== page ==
And yet I’ve never tried it. Yep, I’ve tried nearly every other treatment under the sun, including three surgeries, and never tried this simple, effective, noninvasive treatment. I’d like to say that in some visceral way I wasn’t “ready” for biofeedback. That’s a cop out.

The truth is that if it works, all these years of suffering will have been in vain. You see, when I was in high school, my doctor suggested to my parents that I try biofeedback. The simple version of the complicated story: the treatments were too expensive and insurance didn’t cover it.

With tears streaming down my face, I admitted to Hart last night I was afraid to try biofeedback because if it works, I will have wasted so much time. “Have the last 10 years been a waste?,” he asked. Of course not, but they have been terribly painful.

I have left a message to make my first biofeedback appointment. Before I called, I had to rationalize to myself not trying it. The best I’ve come up with: If I’d continued the trajectory I’d set, I’d be married to my work, climbing the ladder in a corporation that cares nothing about bettering the world. Please let me hold on to these exaggerations and wild assumptions. They’re the justification to keep from hating myself.

I haven’t had a single biofeedback session and yet am trying to let go of what might have been if I’d tried 15 years ago. As usual, I’m ahead of myself. Now I need to breathe — and gather more information. What are your experiences with biofeedback? Please leave a comment on this post or on the forum thread, Biofeedback — Have you tried it? Did it work for you?.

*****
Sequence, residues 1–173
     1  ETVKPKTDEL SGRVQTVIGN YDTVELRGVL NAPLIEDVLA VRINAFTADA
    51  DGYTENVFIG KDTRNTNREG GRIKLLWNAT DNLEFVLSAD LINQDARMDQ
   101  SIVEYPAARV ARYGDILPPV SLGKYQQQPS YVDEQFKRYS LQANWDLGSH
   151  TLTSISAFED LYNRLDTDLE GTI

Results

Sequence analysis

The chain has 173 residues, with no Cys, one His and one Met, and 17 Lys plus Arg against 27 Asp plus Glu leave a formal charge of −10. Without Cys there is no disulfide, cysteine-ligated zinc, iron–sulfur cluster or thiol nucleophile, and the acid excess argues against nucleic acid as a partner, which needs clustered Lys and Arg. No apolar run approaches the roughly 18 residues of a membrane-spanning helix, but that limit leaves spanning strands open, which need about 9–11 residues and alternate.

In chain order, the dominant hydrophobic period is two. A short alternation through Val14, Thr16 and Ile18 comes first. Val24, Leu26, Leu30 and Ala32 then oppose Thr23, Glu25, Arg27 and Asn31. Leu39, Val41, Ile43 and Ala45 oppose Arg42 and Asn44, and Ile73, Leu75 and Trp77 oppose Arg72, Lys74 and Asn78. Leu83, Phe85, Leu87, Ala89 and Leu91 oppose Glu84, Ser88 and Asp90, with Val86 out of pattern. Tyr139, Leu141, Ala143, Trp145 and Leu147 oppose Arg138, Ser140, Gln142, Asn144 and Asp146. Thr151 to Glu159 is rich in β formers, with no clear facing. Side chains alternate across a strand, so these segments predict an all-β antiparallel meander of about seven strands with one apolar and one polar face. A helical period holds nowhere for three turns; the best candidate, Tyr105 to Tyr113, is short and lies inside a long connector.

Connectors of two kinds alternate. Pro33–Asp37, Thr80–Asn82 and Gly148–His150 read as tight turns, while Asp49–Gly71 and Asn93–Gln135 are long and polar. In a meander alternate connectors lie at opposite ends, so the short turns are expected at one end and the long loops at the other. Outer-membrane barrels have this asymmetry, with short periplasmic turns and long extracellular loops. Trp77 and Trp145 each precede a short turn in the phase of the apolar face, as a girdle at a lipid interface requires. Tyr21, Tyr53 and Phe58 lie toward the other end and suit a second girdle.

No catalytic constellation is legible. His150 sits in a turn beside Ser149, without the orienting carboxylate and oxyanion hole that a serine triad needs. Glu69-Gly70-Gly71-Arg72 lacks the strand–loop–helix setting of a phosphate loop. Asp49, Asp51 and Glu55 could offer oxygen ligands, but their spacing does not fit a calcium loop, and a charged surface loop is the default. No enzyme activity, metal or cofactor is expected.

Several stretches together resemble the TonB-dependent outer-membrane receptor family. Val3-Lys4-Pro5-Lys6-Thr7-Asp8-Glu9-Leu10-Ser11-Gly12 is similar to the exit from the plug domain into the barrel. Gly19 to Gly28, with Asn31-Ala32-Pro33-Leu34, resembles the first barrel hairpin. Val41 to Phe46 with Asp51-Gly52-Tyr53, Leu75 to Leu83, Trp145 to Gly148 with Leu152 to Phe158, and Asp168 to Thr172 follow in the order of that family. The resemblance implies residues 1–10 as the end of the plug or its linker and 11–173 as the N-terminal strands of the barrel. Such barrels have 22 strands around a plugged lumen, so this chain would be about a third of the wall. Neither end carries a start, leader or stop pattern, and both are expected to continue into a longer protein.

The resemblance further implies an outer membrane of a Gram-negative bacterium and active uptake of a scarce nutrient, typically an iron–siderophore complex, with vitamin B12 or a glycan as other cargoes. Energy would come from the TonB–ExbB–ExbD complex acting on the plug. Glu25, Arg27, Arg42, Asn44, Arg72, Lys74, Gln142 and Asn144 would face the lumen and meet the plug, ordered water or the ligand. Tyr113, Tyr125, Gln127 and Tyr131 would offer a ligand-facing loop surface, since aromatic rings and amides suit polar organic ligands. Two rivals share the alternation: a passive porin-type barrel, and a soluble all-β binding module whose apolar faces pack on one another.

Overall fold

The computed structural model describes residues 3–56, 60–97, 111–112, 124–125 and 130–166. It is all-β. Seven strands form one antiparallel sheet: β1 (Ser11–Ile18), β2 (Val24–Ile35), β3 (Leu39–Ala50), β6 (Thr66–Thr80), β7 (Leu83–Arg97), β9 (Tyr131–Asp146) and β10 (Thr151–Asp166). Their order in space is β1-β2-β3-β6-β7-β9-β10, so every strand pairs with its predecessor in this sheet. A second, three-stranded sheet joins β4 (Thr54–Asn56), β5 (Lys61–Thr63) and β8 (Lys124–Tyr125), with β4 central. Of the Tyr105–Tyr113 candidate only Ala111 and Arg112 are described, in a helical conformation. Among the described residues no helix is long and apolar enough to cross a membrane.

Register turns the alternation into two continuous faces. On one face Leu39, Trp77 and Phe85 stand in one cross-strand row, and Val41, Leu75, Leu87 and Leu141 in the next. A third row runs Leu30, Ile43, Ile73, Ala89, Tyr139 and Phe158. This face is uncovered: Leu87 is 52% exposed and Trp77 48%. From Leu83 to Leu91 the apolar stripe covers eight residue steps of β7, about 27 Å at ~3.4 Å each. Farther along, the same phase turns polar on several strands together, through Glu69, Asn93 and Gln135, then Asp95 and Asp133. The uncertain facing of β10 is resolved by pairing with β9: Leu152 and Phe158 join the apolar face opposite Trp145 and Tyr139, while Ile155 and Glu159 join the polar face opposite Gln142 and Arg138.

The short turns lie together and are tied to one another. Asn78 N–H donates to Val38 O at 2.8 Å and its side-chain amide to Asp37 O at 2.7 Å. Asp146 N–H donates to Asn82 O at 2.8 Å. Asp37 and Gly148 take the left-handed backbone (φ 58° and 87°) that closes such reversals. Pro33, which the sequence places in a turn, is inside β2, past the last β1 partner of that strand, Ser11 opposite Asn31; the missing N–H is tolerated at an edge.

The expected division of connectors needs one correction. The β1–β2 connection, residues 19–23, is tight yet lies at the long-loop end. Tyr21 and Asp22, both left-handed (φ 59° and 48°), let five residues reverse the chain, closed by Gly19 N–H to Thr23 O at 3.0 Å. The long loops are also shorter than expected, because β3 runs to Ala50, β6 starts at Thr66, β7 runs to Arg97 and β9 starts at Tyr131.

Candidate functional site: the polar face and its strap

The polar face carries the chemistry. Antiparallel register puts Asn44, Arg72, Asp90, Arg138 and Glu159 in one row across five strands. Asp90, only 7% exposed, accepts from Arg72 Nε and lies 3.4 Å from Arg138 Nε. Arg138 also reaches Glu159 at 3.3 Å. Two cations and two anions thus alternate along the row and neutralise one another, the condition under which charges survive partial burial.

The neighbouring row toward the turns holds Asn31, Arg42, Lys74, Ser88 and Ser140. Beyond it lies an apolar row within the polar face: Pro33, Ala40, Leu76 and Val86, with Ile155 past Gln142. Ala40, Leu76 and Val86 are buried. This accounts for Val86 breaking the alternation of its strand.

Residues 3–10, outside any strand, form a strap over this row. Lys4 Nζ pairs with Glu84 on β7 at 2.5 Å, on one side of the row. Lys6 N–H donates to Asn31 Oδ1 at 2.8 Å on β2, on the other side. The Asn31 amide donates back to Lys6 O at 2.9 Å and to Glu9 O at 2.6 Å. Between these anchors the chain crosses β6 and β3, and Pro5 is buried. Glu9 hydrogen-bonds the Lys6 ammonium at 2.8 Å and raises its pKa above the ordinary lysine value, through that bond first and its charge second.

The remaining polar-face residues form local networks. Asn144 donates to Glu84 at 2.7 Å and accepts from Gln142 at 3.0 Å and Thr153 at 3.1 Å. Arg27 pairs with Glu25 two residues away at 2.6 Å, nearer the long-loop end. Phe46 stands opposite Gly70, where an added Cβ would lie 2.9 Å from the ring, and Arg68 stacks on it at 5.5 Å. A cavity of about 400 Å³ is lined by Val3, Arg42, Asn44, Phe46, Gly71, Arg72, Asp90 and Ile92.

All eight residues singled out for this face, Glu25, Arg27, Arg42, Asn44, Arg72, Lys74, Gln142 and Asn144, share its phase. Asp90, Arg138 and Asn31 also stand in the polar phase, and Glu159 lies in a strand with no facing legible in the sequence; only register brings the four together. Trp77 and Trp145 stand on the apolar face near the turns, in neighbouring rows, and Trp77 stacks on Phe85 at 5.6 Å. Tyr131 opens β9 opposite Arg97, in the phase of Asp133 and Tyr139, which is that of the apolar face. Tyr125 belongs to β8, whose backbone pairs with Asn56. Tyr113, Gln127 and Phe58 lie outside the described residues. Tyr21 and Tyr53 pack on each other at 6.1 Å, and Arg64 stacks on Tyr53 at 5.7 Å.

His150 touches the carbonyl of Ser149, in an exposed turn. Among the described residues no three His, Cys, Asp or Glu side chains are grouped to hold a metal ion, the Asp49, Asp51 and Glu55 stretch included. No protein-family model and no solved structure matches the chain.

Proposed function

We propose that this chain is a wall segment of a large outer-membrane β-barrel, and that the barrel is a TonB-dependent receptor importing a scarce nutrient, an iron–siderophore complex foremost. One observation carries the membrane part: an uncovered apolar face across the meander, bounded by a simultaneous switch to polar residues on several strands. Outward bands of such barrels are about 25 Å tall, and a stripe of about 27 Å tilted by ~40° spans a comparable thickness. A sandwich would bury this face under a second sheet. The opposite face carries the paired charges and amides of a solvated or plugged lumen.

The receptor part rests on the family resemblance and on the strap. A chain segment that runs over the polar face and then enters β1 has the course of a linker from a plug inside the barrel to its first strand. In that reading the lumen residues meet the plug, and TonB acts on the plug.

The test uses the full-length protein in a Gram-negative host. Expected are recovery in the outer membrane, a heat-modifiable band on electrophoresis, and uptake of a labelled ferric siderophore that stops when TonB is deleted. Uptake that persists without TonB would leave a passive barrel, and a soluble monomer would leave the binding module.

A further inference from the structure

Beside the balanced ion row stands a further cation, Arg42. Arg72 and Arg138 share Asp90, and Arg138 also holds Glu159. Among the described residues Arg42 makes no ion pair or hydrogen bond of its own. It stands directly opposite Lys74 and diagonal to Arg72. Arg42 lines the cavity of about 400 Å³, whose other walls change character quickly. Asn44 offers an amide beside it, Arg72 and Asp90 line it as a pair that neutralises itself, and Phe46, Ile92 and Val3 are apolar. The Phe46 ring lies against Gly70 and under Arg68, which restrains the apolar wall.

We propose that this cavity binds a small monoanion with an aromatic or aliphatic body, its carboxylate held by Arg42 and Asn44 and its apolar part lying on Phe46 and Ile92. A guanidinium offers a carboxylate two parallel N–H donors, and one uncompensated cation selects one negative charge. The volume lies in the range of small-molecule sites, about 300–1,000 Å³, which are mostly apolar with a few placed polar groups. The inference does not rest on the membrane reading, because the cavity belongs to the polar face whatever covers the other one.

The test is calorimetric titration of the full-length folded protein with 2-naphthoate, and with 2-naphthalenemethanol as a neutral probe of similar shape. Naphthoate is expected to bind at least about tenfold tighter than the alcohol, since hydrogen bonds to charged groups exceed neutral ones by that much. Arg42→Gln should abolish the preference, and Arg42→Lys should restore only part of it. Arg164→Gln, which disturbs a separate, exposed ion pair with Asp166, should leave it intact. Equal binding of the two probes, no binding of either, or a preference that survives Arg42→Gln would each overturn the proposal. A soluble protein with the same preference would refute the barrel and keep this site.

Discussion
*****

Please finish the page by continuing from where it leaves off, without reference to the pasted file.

Symptoms, Treatment, Triggers

Physical Therapy: Weak Muscles, Scar Tissue & Posture

Physical therapy looks like a promising migraine/headache treatment for me. We made progress in the first two sessions and my third tomorrow. His take makes a lot of sense to me.

Weak muscles in my back are partly to blame for neck pain. Envision your back as a lollipop stem. The tasty part of the lollipop will be firmly on top if the stem is solid. If not, the candy will flop around on the stick.

When your neck isn’t sturdy on its stem, it also moves around. Muscles and tissue tighten to compensate, moving muscle, tissue and bone out of place. Strengthening little used muscles, which align the neck and hold its correct position, is part of the solution.

Built up scar tissue on the left side of my neck is another culprit. The scars have essentially fused two muscles, keeping both from working properly. Myofascial release from my physical and massage therapists will loosen the scar tissue, although it is so old that some will remain.

Interestingly, the scar tissue isn’t on the right side, where my occipital nerve stimulator wires were. The physical therapist believes it is connected to car accidents I had in high school. No injuries were treated after the accidents because I didn’t notice any. Yet, he said even the most minor accident could have contributed.

I’m working on my posture too. Instead of pushing my shoulders down, which I’ve always thought was the way to correct bad posture, I’m lifting my sternum to be upright. Looking in the mirror, my “corrected” posture looks strange, but it feels great.

My treatment path is promising. Still, I wonder if I’m just searching for a culprit. Time and time again, anything possibly connected to my migraines becomes my focus. After a particular treatment doesn’t work, I move to the next explanation with as much fervor as the last.

I’m fond of this one for now. It echoes what I’ve learned from yoga and massage therapy and repetition is reassuring. My fingers are crossed and my outlook is good.